Moo

--------------------
Kerygmania host
---------------------
See you later, alligator.

Posts: 20338 | From: Alleghany Mountains of Virginia | Registered: May 2001  |  IP: Logged
Schroedinger's cat

Ship's cool cat
# 64

 - Posted      Profile for Schroedinger's cat   Author's homepage     Send new private message       Edit/delete post   Reply with quote 
While it is not a case to call for gun control, I think in the UK, the expectation that the other person will shoot is less, so the speed with which the decisions have to be made is less.

And yes, the prankster who does this sort of thing because it seems like fun is the one to blame. To do this without considering that the response may be with lethal force is idiotic.

--------------------
Blog
Music for your enjoyment
Lord may all my hard times be healing times
take out this broken heart and renew my mind.

Posts: 18756 | From: At the bottom of a deep dark well. | Registered: May 2001  |  IP: Logged
lilBuddha
Shipmate
# 14333

 - Posted      Profile for lilBuddha     Send new private message       Edit/delete post   Reply with quote 
quote:
Originally posted by Moo:
quote:
Originally posted by lilBuddha:
Swatting has been around for nearly 20 years, apparently, and functions because of the online gaming community.

Swatting is not confined to the gaming community. I have heard of cases of swatting simply because one person disliked or was angry with another.

Moo

It isn’t, this is true. But the gaming community, more specifically a subset of streaming gamers, have created a different set of circumstances than just phoning the police. They spoof numbers and hide the caller’s ID. As well as fight for anonymity that allows them to hide more effectively.

--------------------
So goodnight moon, I want the sun
If it's not here soon, I might be done
No it won't be too soon 'til I say goodnight moon

- A. N. Parsley, D. Mcvinni

Posts: 17339 | From: the round earth's imagined corners | Registered: Dec 2008  |  IP: Logged
Ian Climacus

Liturgical Slattern
# 944

 - Posted      Profile for Ian Climacus     Send new private message       Edit/delete post   Reply with quote 
I consign CNN's view-this-ad to hell...

Wrong thread.

I live a sheltered life. I never knew this was a thing. I can just about imagine a cheated husband calling the police on the lover, but due to a game???

What is the peculiar psychology of the gamer community lilBuddha mentioned? From GamerGate I got the impression it was rather masculine, and sexist. Are these "worlds" people inhabit becoming so real due to time (and money?)?

My mind boggles. And heart breaks. For the victim, plus the police officer. I fear these acts may lessen for a while but then ramp back up.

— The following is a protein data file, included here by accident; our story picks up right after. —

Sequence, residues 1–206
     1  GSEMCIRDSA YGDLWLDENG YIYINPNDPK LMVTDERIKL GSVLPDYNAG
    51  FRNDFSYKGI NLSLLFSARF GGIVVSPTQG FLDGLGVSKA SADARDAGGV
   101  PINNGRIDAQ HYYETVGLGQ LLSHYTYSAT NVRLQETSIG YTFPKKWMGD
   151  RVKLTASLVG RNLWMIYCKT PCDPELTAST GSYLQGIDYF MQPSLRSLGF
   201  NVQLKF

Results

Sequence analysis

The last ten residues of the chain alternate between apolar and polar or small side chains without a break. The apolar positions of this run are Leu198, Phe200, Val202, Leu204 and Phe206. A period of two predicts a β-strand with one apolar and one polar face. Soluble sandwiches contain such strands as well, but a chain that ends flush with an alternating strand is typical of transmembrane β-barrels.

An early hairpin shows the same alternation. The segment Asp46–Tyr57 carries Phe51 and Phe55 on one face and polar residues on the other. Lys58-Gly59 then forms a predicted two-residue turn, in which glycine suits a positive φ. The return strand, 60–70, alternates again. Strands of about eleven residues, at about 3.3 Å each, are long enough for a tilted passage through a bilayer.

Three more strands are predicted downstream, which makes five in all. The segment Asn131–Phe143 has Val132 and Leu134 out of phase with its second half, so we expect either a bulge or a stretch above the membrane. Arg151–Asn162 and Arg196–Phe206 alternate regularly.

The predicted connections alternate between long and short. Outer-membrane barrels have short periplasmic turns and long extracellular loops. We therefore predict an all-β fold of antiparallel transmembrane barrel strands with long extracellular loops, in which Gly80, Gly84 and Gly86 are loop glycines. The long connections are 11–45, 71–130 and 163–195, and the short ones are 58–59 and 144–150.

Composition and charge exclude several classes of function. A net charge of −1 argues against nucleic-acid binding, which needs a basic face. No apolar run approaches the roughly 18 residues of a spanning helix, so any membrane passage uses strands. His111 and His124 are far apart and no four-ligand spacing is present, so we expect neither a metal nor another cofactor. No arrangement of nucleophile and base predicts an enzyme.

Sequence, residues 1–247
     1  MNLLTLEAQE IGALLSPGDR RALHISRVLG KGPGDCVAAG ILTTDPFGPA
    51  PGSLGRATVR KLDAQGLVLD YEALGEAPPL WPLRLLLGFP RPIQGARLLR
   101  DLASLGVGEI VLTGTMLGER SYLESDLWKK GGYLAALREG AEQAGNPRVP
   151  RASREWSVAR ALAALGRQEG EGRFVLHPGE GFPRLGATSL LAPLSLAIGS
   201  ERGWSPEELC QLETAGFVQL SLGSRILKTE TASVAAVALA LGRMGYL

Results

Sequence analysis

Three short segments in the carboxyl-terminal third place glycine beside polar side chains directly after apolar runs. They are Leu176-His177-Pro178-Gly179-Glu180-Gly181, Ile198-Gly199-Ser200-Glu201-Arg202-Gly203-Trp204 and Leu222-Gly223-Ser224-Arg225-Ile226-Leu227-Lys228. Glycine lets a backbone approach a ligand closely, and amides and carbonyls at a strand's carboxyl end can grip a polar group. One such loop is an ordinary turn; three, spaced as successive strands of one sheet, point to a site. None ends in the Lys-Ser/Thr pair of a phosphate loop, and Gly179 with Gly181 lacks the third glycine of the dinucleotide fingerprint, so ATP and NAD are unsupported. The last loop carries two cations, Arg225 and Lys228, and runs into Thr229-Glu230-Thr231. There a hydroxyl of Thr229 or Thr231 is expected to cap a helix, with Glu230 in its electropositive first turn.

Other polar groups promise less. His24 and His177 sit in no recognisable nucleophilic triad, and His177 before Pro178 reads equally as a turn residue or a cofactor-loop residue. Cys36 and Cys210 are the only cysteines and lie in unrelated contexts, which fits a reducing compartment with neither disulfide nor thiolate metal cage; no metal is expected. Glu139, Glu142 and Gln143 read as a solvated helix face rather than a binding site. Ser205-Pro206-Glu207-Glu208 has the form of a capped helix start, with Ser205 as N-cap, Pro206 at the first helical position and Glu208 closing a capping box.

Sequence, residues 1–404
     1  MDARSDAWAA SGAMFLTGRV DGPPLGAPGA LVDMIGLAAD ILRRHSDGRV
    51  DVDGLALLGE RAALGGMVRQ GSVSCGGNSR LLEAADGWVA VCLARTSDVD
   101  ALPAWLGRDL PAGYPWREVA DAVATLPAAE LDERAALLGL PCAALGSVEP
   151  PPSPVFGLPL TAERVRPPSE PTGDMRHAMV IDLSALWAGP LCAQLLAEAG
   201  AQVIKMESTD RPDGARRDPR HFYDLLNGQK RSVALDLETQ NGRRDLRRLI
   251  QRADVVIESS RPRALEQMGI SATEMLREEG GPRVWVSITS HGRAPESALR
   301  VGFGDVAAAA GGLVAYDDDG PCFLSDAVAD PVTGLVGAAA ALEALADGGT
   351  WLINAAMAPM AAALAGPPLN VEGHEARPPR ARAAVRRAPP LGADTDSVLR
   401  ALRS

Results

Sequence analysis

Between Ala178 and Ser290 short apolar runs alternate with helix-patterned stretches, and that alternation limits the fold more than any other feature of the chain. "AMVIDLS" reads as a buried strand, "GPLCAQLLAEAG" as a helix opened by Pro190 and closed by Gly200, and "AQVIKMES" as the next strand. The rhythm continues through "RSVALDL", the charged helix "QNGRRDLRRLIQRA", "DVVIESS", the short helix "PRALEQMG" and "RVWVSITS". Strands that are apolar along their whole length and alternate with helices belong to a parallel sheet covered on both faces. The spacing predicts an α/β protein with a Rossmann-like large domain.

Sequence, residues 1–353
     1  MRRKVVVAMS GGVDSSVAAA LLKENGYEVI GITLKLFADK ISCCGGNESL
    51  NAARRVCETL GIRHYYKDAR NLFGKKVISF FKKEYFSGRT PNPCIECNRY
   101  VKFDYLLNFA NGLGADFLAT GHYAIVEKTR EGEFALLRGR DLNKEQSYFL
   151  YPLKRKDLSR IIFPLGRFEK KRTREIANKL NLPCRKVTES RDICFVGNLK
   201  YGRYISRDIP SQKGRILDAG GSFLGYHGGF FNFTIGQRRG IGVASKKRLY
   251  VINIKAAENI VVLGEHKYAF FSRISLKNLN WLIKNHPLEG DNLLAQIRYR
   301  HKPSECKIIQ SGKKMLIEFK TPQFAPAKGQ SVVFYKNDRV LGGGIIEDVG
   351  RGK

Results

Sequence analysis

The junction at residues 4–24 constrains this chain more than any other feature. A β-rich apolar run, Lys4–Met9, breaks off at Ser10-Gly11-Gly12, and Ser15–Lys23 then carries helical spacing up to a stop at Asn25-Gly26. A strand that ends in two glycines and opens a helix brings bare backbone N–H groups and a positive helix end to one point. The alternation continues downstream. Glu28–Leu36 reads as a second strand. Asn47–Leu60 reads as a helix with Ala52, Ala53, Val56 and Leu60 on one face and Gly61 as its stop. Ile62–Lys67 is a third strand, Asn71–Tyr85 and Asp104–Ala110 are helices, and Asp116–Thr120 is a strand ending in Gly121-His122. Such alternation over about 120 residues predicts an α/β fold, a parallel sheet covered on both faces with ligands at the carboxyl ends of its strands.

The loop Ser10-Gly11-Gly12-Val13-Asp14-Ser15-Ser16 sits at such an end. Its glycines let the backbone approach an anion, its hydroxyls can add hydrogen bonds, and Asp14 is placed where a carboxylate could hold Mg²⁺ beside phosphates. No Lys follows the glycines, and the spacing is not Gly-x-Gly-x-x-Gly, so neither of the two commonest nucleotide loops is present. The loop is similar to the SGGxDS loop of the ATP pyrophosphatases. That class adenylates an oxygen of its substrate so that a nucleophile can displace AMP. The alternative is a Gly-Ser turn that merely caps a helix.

Posts: 7759 | From: On the border | Registered: Jul 2001  |  IP: Logged
lilBuddha
Shipmate
# 14333

 - Posted      Profile for lilBuddha     Send new private message       Edit/delete post   Reply with quote 
quote:
Originally posted by Ian Climacus:

What is the peculiar psychology of the gamer community lilBuddha mentioned? From GamerGate I got the impression it was rather masculine, and sexist. Are these "worlds" people inhabit becoming so real due to time (and money?)?

It is sexist, but not only sexist. It is an insulated community that can create a hyper-real aspect to situations that would normally be let go by more of the participants were it in a face-to-face environment. The psychology exists off-line, but online allows for an extra layer of disconnect for one's actions.

--------------------
So goodnight moon, I want the sun
If it's not here soon, I might be done
No it won't be too soon 'til I say goodnight moon

- A. N. Parsley, D. Mcvinni

Posts: 17339 | From: the round earth's imagined corners | Registered: Dec 2008  |  IP: Logged
Moo

Ship's tough old bird
# 107

 - Posted      Profile for Moo   Email Moo   Send new private message       Edit/delete post   Reply with quote 
Here is an account of a swatting that had nothing to do with gaming.

Moo

--------------------
Kerygmania host
---------------------
See you later, alligator.

Posts: 20338 | From: Alleghany Mountains of Virginia | Registered: May 2001  |  IP: Logged
Karl: Liberal Backslider
Shipmate
# 76

 - Posted      Profile for Karl: Liberal Backslider   Author's homepage   Email Karl: Liberal Backslider   Send new private message       Edit/delete post   Reply with quote 
quote:
Originally posted by roybart:
But this story is not just "about" swatting. It is more significantly about yet another police shooting of someone presumed, unjustifiably, to deserve it.